Label the containers with the date you planted the seeds. Place the containers in an area that receives 10 to 12 hours of light daily -- setting up some simple LED grow lights along with a sunny window will allow this extended time. The area should have no extreme drafts and an ideal temperature of 21°C (70°F). Mist the soil daily. You should see the seeds start to germinate in only three to five days. In just under one month, the microgreens should be ready for harvesting. Harvesting the result of your hard work is easy: Simply hold the microgreens at the stem and cut off the leaves with a pair of kitchen scissors.
Health Benefits of Microgreens
Encouraging people to eat more fruit is fairly easy; however convincing them to add more vegetables daily is a different story! Adding microgreens to your everyday menu is a tasty and simple way to get more veggies with the added health benefits of fibre, vitamins and minerals, which are good for digestive, heart and immune health.
Sowing Final Thoughts into Your Indoor Garden
Having just-picked ingredients on hand for meals is delicious and convenient! If you haven't tried an indoor garden in the past, I highly recommend this pleasurable and rewarding activity. I've discussed traditional methods of using pots or containers and soil, however, have fun experimenting and explore other options that are available, including complete hydroponic gardens. I'll leave you with one of my favourite quotes from Robert Louis Stephenson that I liked so much I used it in my book: "Don't judge each day by the harvest you reap but by the seeds you plant."
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We all know how important ginger can be for our diets this time of the year, but it can do more than just help with a cold. "It can help with blood flow, fight pain and inflammation. It is also used as a digestive aid for when a winter bug has left you feeling nauseated," says registered dietitian Nicole Osinga of Oshawa, Ont. "It works in the digestive tract by reducing intestinal contractions."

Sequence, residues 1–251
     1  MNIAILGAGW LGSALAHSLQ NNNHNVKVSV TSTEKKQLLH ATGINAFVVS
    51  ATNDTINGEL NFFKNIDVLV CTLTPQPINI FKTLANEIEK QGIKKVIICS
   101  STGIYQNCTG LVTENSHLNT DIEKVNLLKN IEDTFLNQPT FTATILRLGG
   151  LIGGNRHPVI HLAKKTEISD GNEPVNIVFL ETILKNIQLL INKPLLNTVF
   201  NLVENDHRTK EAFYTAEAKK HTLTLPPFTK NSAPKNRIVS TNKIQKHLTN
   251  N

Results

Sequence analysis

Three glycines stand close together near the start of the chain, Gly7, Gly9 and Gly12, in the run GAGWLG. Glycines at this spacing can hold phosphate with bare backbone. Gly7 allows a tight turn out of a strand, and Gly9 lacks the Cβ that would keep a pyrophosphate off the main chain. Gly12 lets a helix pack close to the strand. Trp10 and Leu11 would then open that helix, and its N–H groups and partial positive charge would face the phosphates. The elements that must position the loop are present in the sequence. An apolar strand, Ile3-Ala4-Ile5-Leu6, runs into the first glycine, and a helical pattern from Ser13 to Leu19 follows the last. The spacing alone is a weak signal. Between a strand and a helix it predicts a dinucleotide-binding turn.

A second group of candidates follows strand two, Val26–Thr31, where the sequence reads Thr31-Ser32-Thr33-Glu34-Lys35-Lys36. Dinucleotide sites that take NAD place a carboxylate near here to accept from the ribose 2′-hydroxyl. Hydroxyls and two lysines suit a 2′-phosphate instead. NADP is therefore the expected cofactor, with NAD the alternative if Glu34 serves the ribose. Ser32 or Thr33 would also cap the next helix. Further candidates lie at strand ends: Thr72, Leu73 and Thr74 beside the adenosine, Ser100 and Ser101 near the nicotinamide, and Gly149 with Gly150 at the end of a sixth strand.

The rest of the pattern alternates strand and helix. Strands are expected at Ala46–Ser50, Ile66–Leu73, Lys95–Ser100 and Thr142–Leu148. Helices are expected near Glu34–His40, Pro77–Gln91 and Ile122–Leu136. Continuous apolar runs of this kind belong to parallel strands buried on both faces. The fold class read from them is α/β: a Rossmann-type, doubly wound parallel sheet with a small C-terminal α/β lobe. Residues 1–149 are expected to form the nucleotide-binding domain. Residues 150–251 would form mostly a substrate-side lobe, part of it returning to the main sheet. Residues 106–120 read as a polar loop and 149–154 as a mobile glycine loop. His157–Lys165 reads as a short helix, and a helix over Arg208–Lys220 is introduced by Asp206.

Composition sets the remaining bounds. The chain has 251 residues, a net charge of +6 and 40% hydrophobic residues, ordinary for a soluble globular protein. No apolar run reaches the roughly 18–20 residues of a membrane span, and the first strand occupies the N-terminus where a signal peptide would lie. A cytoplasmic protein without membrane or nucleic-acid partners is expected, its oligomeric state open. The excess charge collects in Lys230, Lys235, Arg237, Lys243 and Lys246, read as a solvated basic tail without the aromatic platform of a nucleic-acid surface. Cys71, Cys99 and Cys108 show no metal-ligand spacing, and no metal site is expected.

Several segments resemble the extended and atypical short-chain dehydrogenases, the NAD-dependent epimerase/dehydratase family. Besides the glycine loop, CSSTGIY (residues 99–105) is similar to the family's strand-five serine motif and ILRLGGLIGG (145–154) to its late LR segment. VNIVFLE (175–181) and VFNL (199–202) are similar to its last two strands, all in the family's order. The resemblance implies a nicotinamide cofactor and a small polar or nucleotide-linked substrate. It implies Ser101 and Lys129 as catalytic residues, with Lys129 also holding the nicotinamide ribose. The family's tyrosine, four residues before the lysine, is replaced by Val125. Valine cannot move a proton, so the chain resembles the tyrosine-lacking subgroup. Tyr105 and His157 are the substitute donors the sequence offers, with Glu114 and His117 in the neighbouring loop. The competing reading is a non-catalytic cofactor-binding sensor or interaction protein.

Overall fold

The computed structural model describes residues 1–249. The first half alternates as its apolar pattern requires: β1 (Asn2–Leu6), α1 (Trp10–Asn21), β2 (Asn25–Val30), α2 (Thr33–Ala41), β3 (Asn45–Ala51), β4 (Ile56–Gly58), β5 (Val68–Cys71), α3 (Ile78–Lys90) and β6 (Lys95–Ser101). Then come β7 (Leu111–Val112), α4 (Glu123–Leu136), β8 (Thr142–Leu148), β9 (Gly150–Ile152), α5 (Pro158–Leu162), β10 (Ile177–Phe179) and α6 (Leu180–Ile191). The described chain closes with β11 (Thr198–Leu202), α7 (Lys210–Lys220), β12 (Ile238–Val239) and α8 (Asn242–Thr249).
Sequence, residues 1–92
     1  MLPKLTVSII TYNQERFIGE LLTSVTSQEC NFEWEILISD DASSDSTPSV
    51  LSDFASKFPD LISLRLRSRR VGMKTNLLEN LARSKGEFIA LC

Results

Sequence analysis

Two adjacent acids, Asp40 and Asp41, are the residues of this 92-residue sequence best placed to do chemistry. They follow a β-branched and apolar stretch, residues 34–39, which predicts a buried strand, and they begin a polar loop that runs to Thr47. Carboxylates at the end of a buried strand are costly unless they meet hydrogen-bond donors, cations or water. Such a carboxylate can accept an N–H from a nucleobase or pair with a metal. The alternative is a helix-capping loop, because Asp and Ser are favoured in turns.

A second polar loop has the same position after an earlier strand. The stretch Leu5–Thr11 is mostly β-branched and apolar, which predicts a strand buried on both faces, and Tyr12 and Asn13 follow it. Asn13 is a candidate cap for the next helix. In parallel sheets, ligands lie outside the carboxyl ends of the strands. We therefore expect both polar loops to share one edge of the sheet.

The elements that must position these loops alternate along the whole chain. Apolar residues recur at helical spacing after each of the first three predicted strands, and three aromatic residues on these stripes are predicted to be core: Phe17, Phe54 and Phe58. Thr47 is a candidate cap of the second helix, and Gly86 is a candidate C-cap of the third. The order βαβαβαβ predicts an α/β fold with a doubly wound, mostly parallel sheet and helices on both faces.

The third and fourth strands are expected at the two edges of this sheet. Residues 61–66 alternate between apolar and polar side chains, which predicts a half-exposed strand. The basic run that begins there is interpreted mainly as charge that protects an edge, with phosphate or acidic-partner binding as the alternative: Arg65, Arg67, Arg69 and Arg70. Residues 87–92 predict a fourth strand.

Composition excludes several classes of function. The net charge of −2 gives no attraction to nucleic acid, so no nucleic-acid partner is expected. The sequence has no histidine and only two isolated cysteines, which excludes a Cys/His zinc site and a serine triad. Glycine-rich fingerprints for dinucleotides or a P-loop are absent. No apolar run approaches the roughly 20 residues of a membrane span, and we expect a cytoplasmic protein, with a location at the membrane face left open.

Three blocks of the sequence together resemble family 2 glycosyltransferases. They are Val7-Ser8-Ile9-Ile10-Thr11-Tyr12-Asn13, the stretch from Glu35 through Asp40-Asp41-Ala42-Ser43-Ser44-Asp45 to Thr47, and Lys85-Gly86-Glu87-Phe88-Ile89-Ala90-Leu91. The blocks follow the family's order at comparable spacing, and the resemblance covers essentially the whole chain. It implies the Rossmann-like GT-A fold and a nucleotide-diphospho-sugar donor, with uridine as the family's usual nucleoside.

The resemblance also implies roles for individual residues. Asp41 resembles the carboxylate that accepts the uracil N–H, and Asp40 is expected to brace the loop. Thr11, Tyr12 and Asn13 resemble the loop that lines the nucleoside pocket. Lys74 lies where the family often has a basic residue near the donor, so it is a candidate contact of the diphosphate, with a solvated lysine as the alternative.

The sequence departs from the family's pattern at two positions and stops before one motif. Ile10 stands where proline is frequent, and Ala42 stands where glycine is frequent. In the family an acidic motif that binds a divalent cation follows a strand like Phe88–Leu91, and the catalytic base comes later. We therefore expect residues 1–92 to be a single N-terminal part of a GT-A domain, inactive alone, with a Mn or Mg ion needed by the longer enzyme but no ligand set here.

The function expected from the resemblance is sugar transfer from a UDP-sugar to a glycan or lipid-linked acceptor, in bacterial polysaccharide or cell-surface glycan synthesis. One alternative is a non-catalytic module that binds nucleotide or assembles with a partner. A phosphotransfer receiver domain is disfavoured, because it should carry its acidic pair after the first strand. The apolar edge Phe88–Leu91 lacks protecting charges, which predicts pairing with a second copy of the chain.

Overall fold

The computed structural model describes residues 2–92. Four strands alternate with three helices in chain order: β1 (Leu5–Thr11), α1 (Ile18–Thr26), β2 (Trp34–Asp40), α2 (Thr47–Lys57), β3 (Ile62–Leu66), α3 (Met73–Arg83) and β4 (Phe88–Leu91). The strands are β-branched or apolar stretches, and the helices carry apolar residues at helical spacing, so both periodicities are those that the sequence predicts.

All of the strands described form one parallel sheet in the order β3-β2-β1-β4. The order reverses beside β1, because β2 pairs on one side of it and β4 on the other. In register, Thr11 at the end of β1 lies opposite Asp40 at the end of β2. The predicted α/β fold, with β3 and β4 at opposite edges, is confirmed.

The best way to have this root is consuming it as a tea. Add finely chopped ginger and tea leaves into a cup of boiling water. Let it steep for two to three minutes and strain out the ginger and tea leaves. If tea isn't your thing, you could also use minced ginger in a hearty carrot and ginger soup.
"Capsaicin is an active component of chili peppers, which has been found to have anti-inflammatory and antioxidant effects," Osinga says. These peppers are also beneficial if you're fighting a cold — they can shrink blood vessels in your nose and throat, relieving congestion, she adds.
If spice isn't really your thing, sprinkle a small amount of crushed red chili peppers on your chicken, soup or scrambled eggs. If you can handle the heat, try soaking dried chili peppers in a lentil soup.
"These seeds can be used as a digestive aid, as it calms digestive spasms that can lead to diarrhea," Osinga says. This is good for those who experience any type of gastro bug this winter.
If you are roasting any vegetables, add crushed coriander powder on top. It tastes best with carrots, potatoes or cauliflower.
Garlic’s active ingredient allicin brings a whole host of health benefits. "Its antibacterial and antifungal properties can help with some sinus infections and the winter common cold," Osinga says.
Include garlic in soups, sauces and dips — and of course, on bread.